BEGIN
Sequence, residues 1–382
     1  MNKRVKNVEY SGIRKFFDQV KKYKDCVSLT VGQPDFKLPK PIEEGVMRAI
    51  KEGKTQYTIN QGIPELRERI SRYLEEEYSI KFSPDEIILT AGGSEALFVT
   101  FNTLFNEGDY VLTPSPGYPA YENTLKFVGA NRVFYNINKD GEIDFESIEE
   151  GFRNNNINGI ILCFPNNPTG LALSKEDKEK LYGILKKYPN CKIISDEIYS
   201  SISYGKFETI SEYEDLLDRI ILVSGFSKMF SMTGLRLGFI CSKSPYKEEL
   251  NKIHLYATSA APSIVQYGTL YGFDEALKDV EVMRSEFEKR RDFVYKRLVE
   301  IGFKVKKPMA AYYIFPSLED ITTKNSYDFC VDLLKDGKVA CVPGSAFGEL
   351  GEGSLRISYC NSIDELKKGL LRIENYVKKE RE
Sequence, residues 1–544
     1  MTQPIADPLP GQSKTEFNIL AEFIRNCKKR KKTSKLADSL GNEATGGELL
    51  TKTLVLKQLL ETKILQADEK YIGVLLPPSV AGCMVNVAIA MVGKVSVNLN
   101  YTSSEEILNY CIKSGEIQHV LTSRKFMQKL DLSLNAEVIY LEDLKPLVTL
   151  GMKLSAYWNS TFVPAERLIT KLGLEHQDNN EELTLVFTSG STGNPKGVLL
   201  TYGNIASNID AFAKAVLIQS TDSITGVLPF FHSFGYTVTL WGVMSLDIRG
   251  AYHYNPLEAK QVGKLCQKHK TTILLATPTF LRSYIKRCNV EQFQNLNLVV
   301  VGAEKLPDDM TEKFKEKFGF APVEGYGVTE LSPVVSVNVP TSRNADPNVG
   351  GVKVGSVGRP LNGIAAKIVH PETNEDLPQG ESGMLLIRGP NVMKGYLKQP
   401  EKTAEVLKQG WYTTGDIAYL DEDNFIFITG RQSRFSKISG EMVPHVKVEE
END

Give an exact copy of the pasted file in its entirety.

Sequence, residues 1–382
     1  MNKRVKNVEY SGIRKFFDQV KKYKDCVSLT VGQPDFKLPK PIEEGVMRAI
    51  KEGKTQYTIN QGIPELRERI SRYLEEEYSI KFSPDEIILT AGGSEALFVT
   101  FNTLFNEGDY VLTPSPGYPA YENTLKFVGA NRVFYNINKD GEIDFESIEE
   151  GFRNNNINGI ILCFPNNPTG LALSKEDKEK LYGILKKYPN CKIISDEIYS
   201  SISYGKFETI SEYEDLLDRI ILVSGFSKMF SMTGLRLGFI CSKSPYKEEL
   251  NKIHLYATSA APSIVQYGTL YGFDEALKDV EVMRSEFEKR RDFVYKRLVE
   301  IGFKVKKPMA AYYIFPSLED ITTKNSYDFC VDLLKDGKVA CVPGSAFGEL
   351  GEGSLRISYC NSIDELKKGL LRIENYVKKE RE
Sequence, residues 1–544
     1  MTQPIADPLP GQSKTEFNIL AEFIRNCKKR KKTSKLADSL GNEATGGELL
    51  TKTLVLKQLL ETKILQADEK YIGVLLPPSV AGCMVNVAIA MVGKVSVNLN
   101  YTSSEEILNY CIKSGEIQHV LTSRKFMQKL DLSLNAEVIY LEDLKPLVTL
   151  GMKLSAYWNS TFVPAERLIT KLGLEHQDNN EELTLVFTSG STGNPKGVLL
   201  TYGNIASNID AFAKAVLIQS TDSITGVLPF FHSFGYTVTL WGVMSLDIRG
   251  AYHYNPLEAK QVGKLCQKHK TTILLATPTF LRSYIKRCNV EQFQNLNLVV
   301  VGAEKLPDDM TEKFKEKFGF APVEGYGVTE LSPVVSVNVP TSRNADPNVG
   351  GVKVGSVGRP LNGIAAKIVH PETNEDLPQG ESGMLLIRGP NVMKGYLKQP
   401  EKTAEVLKQG WYTTGDIAYL DEDNFIFITG RQSRFSKISG EMVPHVKVEE